Talk about your one-on-one meeting then that you have with the CEO, what’s the structure of that.
The one-on-one meeting is about staying on the same page, so we know we’re on the same page and we’ll each bring three items that we want to discuss with the other. Usually, I start with my three and I’ll usually present it like, â€œHere’s the topic and this is what I’m looking for.â€ In most cases, I’m not looking for an answer or a solution. I’m maybe presenting it as an FYI or in some cases, I am looking for a little bit of advice. I’ll present my three topics and he’ll present his back. What we do before the meeting is, we organize them on an impact filter, or in your case, a decision filter that helps us get clear and lets the other person know what we’re going to talk about going in. Itâ€™s a quick five minute exercise to jot down the idea. Inside of our operating system or our CRM, we have an impact filter built-in. We can both fill it out, and it sits as the meeting plan.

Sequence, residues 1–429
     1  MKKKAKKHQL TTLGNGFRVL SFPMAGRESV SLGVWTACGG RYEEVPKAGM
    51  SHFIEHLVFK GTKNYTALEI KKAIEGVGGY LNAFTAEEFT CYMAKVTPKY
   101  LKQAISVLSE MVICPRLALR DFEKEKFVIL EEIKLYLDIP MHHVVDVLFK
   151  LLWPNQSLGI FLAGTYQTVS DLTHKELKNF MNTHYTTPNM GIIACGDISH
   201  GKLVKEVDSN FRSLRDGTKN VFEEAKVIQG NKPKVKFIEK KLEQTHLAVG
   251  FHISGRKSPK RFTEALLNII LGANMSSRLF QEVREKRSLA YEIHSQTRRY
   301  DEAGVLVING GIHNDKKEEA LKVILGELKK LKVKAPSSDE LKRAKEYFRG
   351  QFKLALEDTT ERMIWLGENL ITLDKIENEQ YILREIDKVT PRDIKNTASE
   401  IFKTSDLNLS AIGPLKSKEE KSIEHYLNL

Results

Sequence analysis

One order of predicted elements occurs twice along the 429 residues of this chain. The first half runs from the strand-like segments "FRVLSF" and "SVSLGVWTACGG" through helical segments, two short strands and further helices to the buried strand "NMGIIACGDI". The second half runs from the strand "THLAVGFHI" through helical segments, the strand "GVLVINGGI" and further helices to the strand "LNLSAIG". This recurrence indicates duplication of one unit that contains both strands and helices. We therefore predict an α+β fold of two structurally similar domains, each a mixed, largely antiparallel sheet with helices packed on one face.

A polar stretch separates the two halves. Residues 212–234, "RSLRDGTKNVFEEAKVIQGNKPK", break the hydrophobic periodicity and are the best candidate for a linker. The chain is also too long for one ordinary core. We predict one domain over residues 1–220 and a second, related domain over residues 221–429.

I love that you’re mentioning different terminology that some of the readers might know some may not. The impact filter tool is from Strategic CoachÂ and the L10 Meetings and your one-on-ones and same page are EOS Traction. It’s great that you guys have adopted these different forms of systems and iterated them toÂ make it your own. It is certainlyÂ helping you scale. If we’re going to go back to a question when you were graduating college and you’re getting ready to start off on your career, what advice would you give yourself back then that you know to be true now?